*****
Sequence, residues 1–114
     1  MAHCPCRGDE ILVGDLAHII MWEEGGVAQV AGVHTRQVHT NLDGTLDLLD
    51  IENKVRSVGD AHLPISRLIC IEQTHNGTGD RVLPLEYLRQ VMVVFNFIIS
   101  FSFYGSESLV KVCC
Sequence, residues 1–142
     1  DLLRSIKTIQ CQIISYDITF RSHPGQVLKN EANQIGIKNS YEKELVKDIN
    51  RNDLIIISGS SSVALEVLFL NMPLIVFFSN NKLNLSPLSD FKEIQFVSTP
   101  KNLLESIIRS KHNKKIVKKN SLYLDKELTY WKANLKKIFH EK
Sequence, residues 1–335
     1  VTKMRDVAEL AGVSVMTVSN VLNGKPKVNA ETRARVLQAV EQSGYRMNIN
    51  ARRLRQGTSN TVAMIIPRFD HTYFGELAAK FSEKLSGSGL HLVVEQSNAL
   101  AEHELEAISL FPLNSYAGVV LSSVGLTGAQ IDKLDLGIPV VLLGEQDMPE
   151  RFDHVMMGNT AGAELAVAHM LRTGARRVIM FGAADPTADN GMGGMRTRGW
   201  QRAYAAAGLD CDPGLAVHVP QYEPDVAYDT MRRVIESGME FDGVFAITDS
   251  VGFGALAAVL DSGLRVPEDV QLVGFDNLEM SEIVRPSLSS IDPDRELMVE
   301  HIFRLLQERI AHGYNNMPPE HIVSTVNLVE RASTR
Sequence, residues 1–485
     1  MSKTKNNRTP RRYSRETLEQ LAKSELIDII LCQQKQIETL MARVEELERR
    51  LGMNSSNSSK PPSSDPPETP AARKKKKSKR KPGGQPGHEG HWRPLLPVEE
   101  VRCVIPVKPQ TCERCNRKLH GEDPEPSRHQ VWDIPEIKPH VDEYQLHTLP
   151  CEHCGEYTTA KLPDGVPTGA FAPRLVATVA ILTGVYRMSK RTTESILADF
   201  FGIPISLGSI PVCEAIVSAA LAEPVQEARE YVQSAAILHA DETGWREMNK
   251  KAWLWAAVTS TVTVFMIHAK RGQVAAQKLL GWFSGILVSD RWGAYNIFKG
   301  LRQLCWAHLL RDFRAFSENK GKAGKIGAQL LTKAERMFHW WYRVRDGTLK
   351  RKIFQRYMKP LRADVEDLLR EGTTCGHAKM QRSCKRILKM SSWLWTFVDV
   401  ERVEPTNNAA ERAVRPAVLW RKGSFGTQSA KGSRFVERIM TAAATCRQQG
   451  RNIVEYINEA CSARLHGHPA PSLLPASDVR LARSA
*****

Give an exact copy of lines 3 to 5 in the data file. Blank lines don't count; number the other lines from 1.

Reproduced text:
    51  IENKVRSVGD AHLPISRLIC IEQTHNGTGD RVLPLEYLRQ VMVVFNFIIS
   101  FSFYGSESLV KVCC
Sequence, residues 1–142